Good Narrative Principles

Wonder Bread


I’m waiting for the AC fix it guy. I’ve been waiting all day. Since eight am yesterday morning. So, actually you could say I’ve been waiting two days now. Can you hear the fury in my voice? Stick around cuz it won’t be for long. Pretty soon, I’ll move onto the next thing and I’ll forget all about being angry as a new thought slips in and replaces the first.

It’s impossible to hang onto anything long enough for it to take hold. I could use a gardening metaphor like take roots, begin to grow, nourish a new idea but that would mean I’m capable of hanging onto a thought long enough to picture something…anything.

I’m a bit of blank slate these days. You could blame it on the weather, the unremitting heat. Or the fact that I’ve given up coffee as of late. And drinking and apparently sleep, though sleeplessness is not something that I consciously signed up for.

My daughter comes home from school. She’s in a funk. Stamps off to her room. Slams the door just so I know that she does not want to talk now. Absolutely. Come dinner time, I forget that there was an issue earlier in the day. But at two or four in the morning, whenever I wake up from my nightly series of two-hour catnaps, it’s suddenly there. A perfectly formed memory. Where was it until then?

My eldest is cramming for finals. He needs to prepare to write an in-depth essay and is given a choice of twelve questions of which he will need to answer three. But which three remains unknown. Sandwiched between questions about the Mongol Empire and the Schmalkaldic Wars is question about Interwar philosophers. He comes to me wanting to know who was a great Interwar thinker. Well, there’s Wittgenstein I offer. But the cliff note version of what he thought, wrote and where he guided the culture towards, eludes me. When I finally sit down and read the Wikipedia paragraph, don’t expect me to concentrate long enough to plough my way through a lengthy article, I stop midway in the sentence poised between defeat and “really?” Can anyone really say there’s no such thing as objective reality? What would it be like to live your life with that thought as a constant? Do you wake up to an alarm? Do you eat fried eggs for breakfast? Or do you ignore the rumblings in your stomach as you roll around in bed musing on the significance of sensations such as that which we call hunger or boredom?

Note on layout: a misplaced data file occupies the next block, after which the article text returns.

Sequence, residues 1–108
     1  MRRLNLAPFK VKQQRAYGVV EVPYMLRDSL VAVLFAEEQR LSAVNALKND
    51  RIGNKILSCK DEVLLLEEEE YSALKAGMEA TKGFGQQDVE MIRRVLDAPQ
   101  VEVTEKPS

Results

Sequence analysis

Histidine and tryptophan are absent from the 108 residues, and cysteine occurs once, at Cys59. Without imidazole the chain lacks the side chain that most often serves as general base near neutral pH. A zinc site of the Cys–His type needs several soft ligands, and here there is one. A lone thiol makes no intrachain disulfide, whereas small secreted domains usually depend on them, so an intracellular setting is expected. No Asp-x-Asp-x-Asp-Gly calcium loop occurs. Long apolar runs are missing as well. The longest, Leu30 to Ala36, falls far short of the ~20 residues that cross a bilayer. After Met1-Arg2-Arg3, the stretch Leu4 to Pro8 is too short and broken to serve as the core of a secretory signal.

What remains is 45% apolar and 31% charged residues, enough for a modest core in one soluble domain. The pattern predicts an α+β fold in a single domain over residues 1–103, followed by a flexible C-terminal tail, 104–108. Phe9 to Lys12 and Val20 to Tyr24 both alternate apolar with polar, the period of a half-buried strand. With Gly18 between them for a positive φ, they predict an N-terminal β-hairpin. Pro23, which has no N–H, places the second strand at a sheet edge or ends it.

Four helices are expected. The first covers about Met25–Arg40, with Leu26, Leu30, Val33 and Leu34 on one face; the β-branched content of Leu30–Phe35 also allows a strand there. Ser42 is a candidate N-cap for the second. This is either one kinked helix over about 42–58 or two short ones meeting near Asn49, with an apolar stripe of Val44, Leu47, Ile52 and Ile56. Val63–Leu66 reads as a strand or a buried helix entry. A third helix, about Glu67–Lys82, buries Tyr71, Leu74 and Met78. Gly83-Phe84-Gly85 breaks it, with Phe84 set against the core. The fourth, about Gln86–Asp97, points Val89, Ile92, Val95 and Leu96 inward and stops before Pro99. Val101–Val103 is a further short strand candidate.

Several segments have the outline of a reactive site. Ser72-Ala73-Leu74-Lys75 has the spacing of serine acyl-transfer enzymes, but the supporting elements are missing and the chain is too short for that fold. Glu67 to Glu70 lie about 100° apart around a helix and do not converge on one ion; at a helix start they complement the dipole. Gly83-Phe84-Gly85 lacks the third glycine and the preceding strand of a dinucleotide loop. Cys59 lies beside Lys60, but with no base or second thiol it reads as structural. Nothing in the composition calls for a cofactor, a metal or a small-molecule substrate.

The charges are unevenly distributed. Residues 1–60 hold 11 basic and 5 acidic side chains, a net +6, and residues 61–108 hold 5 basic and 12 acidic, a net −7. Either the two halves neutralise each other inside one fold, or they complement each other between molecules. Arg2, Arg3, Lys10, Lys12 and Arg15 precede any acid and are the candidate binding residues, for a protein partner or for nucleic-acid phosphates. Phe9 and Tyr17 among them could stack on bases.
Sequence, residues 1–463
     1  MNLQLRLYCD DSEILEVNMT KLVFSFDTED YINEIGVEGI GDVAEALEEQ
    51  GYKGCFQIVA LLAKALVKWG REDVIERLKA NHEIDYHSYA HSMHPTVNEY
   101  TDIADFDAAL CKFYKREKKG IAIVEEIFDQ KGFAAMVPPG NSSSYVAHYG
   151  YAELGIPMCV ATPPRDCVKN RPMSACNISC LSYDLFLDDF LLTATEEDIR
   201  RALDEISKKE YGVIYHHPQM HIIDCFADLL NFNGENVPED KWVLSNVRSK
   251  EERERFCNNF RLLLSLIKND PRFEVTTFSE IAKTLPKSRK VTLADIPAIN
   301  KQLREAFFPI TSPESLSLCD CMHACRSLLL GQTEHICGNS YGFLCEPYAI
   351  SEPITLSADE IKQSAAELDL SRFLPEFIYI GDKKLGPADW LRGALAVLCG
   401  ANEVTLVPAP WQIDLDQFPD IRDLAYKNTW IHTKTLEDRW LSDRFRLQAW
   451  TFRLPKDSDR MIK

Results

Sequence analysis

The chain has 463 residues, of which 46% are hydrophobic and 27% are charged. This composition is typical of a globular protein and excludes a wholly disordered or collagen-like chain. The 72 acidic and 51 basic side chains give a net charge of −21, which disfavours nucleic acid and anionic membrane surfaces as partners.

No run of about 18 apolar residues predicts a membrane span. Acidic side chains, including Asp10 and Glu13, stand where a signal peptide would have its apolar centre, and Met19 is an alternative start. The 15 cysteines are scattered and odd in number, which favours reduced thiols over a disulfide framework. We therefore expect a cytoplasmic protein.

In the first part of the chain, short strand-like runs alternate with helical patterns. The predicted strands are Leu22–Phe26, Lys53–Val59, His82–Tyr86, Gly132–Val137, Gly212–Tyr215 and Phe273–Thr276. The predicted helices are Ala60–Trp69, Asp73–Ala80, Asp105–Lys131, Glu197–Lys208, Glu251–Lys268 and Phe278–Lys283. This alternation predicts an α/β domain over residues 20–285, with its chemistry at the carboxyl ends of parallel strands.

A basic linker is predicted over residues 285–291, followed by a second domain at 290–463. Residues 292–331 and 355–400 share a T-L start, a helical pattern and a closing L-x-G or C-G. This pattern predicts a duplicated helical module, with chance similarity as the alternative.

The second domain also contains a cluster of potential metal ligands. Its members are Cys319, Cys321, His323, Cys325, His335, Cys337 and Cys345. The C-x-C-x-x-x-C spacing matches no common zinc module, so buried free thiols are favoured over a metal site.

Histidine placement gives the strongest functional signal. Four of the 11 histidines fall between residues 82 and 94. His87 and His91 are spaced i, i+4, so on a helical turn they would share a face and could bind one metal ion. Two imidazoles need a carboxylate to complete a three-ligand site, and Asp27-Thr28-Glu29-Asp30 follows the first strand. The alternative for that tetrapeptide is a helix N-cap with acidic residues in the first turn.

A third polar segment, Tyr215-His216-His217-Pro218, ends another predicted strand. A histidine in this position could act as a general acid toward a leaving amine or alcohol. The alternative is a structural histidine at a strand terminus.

My son comes into the kitchen for dinner. Both of his big toes are bandaged in thick rolls of gauze. I don’t notice. It takes a neighbor who has come by to drop off the keys to her house so that I can water her plants while she’s away somewhere. I’m not really sure. I’m seeing the letter “I”. Ireland? Italy? India? Definitely not India. She is so not an India person.  The kindly neighbor who is traveling for two weeks maybe? Or is it three? I’m sure I wrote it down somewhere, asks my son, what happened to your toes? And it’s only then that I notice he’s the walking wounded. “What happened”? I ask tentatively, sheepishly, embarrassed that I am called out by my kindly neighbor for failing to notice the wound. He mumbles something and leaves before dessert is served. Very unlike him. Slights, social faux pas do stick with me. They somehow manage to cut through the welter of heat, media noise and my general state of restless inertia.

So I persist and eventually I’m told that he’s had ingrown toenails for six months or so he claims.

The point is the world is slipping past me. Past my door. Little messages bobbing on the surface like notes stuck in a bottle drift aimlessly towards me. I fish them out. Make a mental note and promptly forget them.

After tennis last Sunday, my friends invite me to join them for a night out at the movies. A girls night out. Clearly, I’m an afterthought. So that’s something I chewed on for awhile. But then I started dwelling on movies were I lose myself. Compared to those great films, which I won’t list out for you, thank you very much so that you don’t feel obliged to dismiss me entirely or consign me to some cultural ghetto which squeezes the full wonder of “me” into a dismissive label, I know we are being served Wonder Bread when we could be slicing up our own artisanal seven grain variety.

And so it slips away.

Today, maybe I’ll vacuum.

Or, maybe not.

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